The Austrian government has finally filed its legal challenge against the deal that facilitates subsidies for a nuclear power plant in the UK.

After a protracted period of delay, the European Court of Justice has received the official objection against the decision by the European Commission to allow EU-granted state subsidies for a new nuclear power plant at Hinkley Point C in southwest England.

“Subsidies are there to support modern technologies that lie in the general interest of all EU member states. This is not the case with nuclear power,” the Austrian chancellor, Werner Faymann, said.
David Cameron and Werner Faymann
The Austrian action has come in for severe criticism by the Director General of the World Nuclear Association. In a statement to Power Engineering International responding to the news, Agneta Rising accused Faymann’s government of disrespecting national autonomy on energy. “It is one thing to have an opinion, it is quite another to try and force your opinion on someone else.”

“The UK public, indeed people in all countries, have the right to choose nuclear to meet their energy needs and to help address climate concerns if they so wish. It is a pity that the Austrian government has decided not to respect that right.”

Rising added that she was sceptical of Austrian intentions in challenging the legality of the subsidy arrangement agreed for Hinkley Point C nuclear power plant, as approved by the European Commission.

“Media statements from Austrian officials make it clear that they are pursuing this action because of their own anti-nuclear agenda. The action is profoundly misinformed and damaging to global efforts to address climate change.”

Austria’s environment minister, Andrä Rupprechter, said nuclear energy was no longer able to survive economically and should “not be artificially resuscitated through state subsidies”. “Instead of funding unsafe and costly energy forms that are outdated, we have to support Europe’s energy turnaround with the expansion of renewable energies,” he said.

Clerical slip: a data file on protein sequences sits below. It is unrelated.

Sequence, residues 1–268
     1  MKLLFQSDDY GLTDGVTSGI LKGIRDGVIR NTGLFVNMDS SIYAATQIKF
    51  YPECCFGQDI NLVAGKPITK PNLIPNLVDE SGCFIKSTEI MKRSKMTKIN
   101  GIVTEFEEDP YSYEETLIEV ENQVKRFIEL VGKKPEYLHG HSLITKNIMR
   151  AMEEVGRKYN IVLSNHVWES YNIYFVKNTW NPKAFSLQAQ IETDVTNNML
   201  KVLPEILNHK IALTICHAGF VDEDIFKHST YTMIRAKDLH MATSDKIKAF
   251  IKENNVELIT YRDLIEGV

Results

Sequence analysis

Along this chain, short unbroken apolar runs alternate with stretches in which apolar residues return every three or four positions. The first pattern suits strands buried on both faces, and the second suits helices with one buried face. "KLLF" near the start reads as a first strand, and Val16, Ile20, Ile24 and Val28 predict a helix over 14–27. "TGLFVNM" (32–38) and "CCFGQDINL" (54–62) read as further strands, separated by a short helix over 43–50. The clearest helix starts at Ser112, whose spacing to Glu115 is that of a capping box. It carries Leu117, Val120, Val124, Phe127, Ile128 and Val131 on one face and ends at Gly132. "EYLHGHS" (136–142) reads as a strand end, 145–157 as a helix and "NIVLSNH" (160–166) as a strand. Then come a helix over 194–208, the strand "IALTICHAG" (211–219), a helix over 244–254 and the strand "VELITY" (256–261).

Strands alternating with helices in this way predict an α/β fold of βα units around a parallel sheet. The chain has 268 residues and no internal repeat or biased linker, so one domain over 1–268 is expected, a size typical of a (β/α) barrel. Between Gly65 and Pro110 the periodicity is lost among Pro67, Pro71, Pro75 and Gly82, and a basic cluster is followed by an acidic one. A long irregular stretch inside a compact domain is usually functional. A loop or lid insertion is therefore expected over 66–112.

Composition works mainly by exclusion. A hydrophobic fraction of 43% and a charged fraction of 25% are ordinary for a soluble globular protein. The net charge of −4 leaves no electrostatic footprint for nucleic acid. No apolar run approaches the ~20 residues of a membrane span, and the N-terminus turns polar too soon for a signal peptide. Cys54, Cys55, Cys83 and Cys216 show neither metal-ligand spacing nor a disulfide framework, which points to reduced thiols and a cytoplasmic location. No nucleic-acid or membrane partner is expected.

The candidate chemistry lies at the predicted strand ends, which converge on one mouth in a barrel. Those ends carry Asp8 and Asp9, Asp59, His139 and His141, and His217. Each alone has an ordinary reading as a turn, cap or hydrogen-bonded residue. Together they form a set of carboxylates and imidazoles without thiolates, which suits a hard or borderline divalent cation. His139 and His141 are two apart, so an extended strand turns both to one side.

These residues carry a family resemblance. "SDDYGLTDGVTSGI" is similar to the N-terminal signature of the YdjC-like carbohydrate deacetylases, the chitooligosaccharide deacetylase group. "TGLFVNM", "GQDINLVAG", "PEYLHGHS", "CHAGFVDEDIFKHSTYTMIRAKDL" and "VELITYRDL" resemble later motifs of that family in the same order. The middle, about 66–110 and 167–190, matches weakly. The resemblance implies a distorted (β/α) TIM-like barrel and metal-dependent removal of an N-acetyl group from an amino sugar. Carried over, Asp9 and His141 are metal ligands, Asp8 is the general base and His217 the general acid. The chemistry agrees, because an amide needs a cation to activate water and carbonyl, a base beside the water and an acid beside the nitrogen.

Leadership from the nuclear sector are of the belief that the Austrian challenge will not be successful. However at a Platts energy conference in London recently one of the Austrian government’s chief legal advisers, Dr Dorte Fouquet, had told power executives that the average delay associated with such objections, whether ultimately successful or not, was five to eight years.

If that proves to be correct, the disruptive action would represent a serious body blow to the British government’s objectives with regard to energy security and decarbonisation. Whether the threatened delay materialises, Rising pointed out the crucial role nuclear power provides for UK in terms of reducing carbon.

“The countries that are leading on decarbonisation are using nuclear energy,” she said. “Not all countries are in Austria’s position – lucky enough to be able to count on hydro power built decades ago to provide roughly 65 per cent of their electricity today. Most others have to make pragmatic choices.”

“Nuclear power plants are one of a handful of technologies capable of generating low-carbon energy 24/7 and are the foundation of a healthy, modern electrical system in countries lucky enough to have them.”

Austria, who argue that the Hinkley Point C project is in breach of European law and risks distorting the energy market, may now face a diplomatic backlash from the British, which had been signposted earlier in the year.

In February, a leaked diplomatic cable indicated repercussions for Austria if it didn’t drop its opposition to the project.

The government of Luxembourg, as well as a group of German and Austrian energy providers also plan to fight the EU decision to back Hinkley Point C.

Under the disputed deal, Britain would help fund the construction of two reactors in south-west England. As part of the agreement, the British government would guarantee an elevated 35-year fixed electricity rate to EDF, the French energy group, which would be in charge of the building the plant.

“We are confident that the European commission’s state aid decision on Hinkley Point C is legally robust,” a spokeswoman for Britain’s Department of Energy and Climate Change said last week.

Opponents see Hinkley Point as an unnecessary show of support for nuclear energy when the use of renewables, such as wind and solar power, is beginning to take hold.

But the EU commission insists the choice of energy source, no matter how controversial, is strictly up to member states.

EU member Austria has no nuclear power stations. The country built a nuclear power station in the 1970s, but it never went into operation as citizens voted to mothball it in a 1978 referendum.

The next step in the Hinkley Point C project is intended to be the Final Investment Decision (FID), with the Chinese state visit to the UK in the autumn expected to be highly influential in moving the process on to the next phase.

Now that the Austrian lawsuit is on the table it remains to be seen to what extent those plans have been disrupted.